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I inherited a big application that was originally written in C (but in the mean time a lot of C++ was also added to it). Because of historical reasons, the application contains a lot of void-pointers. Before you start to choke, let me explain why this was done.

The application contains many different data structures, but they are stored in 'generic' containers. Nowadays I would use templated STL containers for it, or I would give all data structures a common base class, so that the container can store pointers to the base class, but in the [good?] old C days, the only solution was to cast the struct-pointer to a void-pointer.

Additionally, there is a lot of code that works on these void-pointers, and uses very strange C constructions to emulate polymorphism in C.

I am now reworking the application, and trying to get rid of the void-pointers. Adding a common base-class to all the data structures isn't that hard (few days of work), but the problem is that the code is full of constructions like shown below.

This is an example of how data is stored:

void storeData (int datatype, void *data);    // function prototype
...
Customer *myCustomer = ...;
storeData (TYPE_CUSTOMER, myCustomer);

This is an example of how data is fetched again:

Customer *myCustomer = (Customer *) fetchData (TYPE_CUSTOMER, key);

I actually want to replace all the void-pointers with some smart-pointer (reference-counted), but I can't find a trick to automate (or at least) help me to get rid of all the casts to and from void-pointers.

Any tips on how to find, replace, or interact in any possible way with these conversions?

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I really believe that there is no trick for doing this automatically. One after the other ... –  INS Jun 11 '10 at 21:01
    
What do the store and fetch functions do with 'datatype'? Are they doing a blind copy of the structure or just storing that void pointer? –  Amardeep Jun 11 '10 at 21:03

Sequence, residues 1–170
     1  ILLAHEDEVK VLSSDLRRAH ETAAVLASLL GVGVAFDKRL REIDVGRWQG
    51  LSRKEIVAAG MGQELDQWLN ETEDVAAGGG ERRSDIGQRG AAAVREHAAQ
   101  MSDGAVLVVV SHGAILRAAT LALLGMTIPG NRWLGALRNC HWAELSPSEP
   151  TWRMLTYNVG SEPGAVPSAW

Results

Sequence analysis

The data type is used to store all data of the same data type together, and to execute some 'common' logic on the data types. As said, it emulates polymorphism in plain C. –  Patrick Jun 11 '10 at 21:13
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3 Answers

I actually want to replace all the void-pointers with some smart-pointer (reference-counted), but I can't find a trick to automate (or at least) help me to get rid of all the casts to and from void-pointers.

Such automated refactoring bears many risks.

Otherwise, sometimes I like to play tricks by making out of such void* functions the template functions. That:

void storeData (int datatype, void *data);

becomes:

template <class T>
void storeData (int datatype, T *data);

At first implement template by simply wrapping the original (renamed) function and converting the types. That might allow you to see potential problems - already by simply compiling the code.

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You probably don't need to get rid of the casts to use shared pointers.

storeData(TYPE_CUSTOMER, myCustomer1->get());

shared_ptr<Customer> myCustomer2(reinterpret_cast<Customer*>fetchData(TYPE_CUSTOMER, "???");

Of course, this assumes that you don't expect to share the same pointer across calls to store/fetch. In other words, myCustomer1 and myCustomer2 don't share the same pointer.

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up vote 0 down vote accepted

Apparently, there is no automated way/trick to convert or find all uses of void-pointers. I'll have to use manual labor to find all void-pointers, in combination with PC-Lint that will give errors whenever there is an incorrect conversion.

Case closed.

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